Organic electronics is a field of materials science concerning the design, synthesis, characterization, and application of organic small molecules or polymers that show desirable electronic properties such as conductivity. Unlike conventional inorganic conductors and semiconductors, organic electronic materials are constructed from organic (carbon-based) small molecules or polymers using synthetic strategies developed in the context of organic and polymer chemistry. One of the benefits of organic electronics is their low cost compared to traditional inorganic electronics.
Conductive materials are substances that can transmit electrical charges. Traditionally, most known conductive materials have been inorganic. Metals such as copper and aluminum are the most familiar conductive materials, and have high electrical conductivity due to their abundance of delocalized electrons that move freely throughout the inter-atomic spaces. Some metallic conductors are alloys of two or more metal elements, common examples of such alloys include steel, brass, bronze, and pewter.
In the eighteenth and early nineteenth centuries, people began to study the electrical conduction in metals. In his experiments with lightning, Benjamin Franklin proved that an electrical charge travels along a metallic rod. Later, Georg Simon Ohm discovered that the current passing through a substance is directly proportional to the potential difference, known as Ohm's law. This relationship between potential difference and current became a widely used measure of the ability of various materials to conduct electricity. Since the discovery of conductivity, studies have focused primarily on inorganic conductive materials with only a few exceptions.〔(【引用サイトリンク】url=http://science.jrank.org/pages/2321/Electrical-Conductivity-History.html )〕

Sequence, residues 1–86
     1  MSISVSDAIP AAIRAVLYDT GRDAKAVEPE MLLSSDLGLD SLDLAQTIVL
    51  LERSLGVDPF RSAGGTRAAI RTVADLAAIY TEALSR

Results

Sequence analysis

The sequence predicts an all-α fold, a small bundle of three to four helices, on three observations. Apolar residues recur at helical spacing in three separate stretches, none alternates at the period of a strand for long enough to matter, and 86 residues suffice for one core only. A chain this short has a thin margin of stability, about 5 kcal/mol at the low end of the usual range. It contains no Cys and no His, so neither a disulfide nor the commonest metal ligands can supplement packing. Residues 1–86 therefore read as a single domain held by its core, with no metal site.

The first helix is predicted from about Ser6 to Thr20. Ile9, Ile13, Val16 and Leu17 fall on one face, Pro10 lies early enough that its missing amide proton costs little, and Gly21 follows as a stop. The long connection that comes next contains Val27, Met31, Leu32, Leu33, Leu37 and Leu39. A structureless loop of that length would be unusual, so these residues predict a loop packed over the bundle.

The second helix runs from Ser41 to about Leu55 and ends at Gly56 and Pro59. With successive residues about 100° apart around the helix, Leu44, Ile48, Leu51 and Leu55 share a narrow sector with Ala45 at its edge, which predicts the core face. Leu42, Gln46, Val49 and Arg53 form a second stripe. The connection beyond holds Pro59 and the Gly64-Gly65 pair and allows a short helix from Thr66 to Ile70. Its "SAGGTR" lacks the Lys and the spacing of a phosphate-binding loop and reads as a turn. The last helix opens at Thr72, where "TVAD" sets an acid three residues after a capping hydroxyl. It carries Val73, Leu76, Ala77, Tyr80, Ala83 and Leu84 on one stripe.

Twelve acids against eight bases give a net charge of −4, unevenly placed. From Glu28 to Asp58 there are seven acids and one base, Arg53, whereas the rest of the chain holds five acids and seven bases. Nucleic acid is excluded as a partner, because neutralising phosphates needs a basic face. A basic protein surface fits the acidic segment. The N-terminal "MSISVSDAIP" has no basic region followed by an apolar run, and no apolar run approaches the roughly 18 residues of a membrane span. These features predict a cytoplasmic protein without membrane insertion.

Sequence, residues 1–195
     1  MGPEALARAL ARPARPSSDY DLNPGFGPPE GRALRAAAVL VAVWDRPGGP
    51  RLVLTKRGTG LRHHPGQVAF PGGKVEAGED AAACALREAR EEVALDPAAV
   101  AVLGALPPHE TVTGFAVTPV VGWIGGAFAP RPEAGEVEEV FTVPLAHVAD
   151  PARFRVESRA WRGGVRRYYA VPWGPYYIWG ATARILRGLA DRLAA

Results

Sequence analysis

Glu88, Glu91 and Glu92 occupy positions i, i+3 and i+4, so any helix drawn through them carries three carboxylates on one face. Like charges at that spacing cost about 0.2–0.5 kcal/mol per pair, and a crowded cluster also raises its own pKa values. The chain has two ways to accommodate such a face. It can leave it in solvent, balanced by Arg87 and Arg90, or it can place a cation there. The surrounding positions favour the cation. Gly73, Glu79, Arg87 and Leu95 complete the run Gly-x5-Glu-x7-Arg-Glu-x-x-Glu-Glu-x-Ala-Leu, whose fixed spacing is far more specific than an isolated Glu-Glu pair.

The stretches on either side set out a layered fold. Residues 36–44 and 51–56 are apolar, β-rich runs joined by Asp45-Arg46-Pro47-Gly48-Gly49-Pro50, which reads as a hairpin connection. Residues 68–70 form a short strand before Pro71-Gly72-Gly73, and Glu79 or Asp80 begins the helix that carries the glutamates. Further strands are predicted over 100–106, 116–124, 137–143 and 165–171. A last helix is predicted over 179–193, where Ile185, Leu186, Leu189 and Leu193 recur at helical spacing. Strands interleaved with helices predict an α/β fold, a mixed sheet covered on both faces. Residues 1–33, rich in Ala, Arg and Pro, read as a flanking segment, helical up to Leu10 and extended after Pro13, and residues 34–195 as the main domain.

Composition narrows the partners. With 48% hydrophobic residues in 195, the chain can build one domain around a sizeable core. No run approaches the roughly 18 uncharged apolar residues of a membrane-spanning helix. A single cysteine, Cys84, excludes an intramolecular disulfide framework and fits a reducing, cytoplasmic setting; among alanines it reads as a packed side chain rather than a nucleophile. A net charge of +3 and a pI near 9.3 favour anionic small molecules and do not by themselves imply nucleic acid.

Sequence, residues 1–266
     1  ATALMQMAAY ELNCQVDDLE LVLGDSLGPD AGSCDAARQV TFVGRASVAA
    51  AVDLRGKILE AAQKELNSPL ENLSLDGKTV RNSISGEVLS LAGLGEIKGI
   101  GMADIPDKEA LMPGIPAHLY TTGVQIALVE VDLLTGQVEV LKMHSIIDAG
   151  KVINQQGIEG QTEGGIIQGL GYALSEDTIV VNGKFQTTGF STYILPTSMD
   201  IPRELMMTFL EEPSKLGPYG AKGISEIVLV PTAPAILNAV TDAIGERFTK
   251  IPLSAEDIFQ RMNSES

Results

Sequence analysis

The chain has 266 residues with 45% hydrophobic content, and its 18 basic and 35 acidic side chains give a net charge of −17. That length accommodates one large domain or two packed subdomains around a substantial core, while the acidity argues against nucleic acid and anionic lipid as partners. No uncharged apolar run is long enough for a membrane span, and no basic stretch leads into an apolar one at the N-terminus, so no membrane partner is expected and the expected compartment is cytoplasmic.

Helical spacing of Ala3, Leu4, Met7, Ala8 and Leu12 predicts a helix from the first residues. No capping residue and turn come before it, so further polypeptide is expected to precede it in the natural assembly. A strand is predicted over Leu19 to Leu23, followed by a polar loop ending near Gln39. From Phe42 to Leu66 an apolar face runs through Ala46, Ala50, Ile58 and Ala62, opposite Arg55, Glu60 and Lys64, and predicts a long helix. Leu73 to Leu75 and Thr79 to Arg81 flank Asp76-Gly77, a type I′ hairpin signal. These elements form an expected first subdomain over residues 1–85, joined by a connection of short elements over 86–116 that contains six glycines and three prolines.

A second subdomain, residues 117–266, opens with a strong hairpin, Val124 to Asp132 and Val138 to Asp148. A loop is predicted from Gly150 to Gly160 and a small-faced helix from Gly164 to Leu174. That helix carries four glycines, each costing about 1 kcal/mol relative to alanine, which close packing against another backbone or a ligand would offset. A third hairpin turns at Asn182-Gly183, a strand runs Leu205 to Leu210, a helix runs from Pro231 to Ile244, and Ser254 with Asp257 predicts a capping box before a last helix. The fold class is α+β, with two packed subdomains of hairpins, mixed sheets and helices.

Henry Letheby discovered the earliest known organic conductive material in 1862. Using anodic oxidation of aniline in sulfuric acid, he produced a partly conductive material, that was later identified as polyaniline. In the 1950s, the phenomenon that polycyclic aromatic compounds formed semi-conducting charge-transfer complex salts with halogens was discovered, showing that some organic compounds could be conductive as well.
More recent work has expanded the range of known organic conductive materials. A high conductivity of 1 S/cm (S = Siemens) was reported in 1963 for a derivative of tetraiodopyrrole. In 1972, researchers found metallic conductivity(conductivity comparable to a metal) in the charge-transfer complex TTF-TCNQ.
In 1977, it was discovered that polyacetylene can be oxidized with halogens to produce conducting materials from either insulating or semiconducting materials. In recent decades, research on conductive polymers has prospered, and the 2000 Nobel Prize in Chemistry was awarded to Alan J. Heeger, Alan G. MacDiarmid, and Hideki Shirakawa jointly for their work on conductive polymers.〔(【引用サイトリンク】url=http://www.nobelprize.org/nobel_prizes/chemistry/laureates/2000/ )〕
Conductive plastics have recently undergone development for applications in industry. In 1987, the first organic diode device of was produced at Eastman Kodak by Ching W. Tang and Steven Van Slyke. spawning the field of organic light-emitting diodes (OLED) research and device production. For his work, Ching W. Tang is widely considered as the father of organic electronics.
Technology for plastic electronics constructed on thin and flexible plastic substrates was developed in the 1990s. In 2000, the company Plastic Logic was founded as a spin-off of Cavendish Laboratory to develop a broad range of products using the plastic electronics technology.
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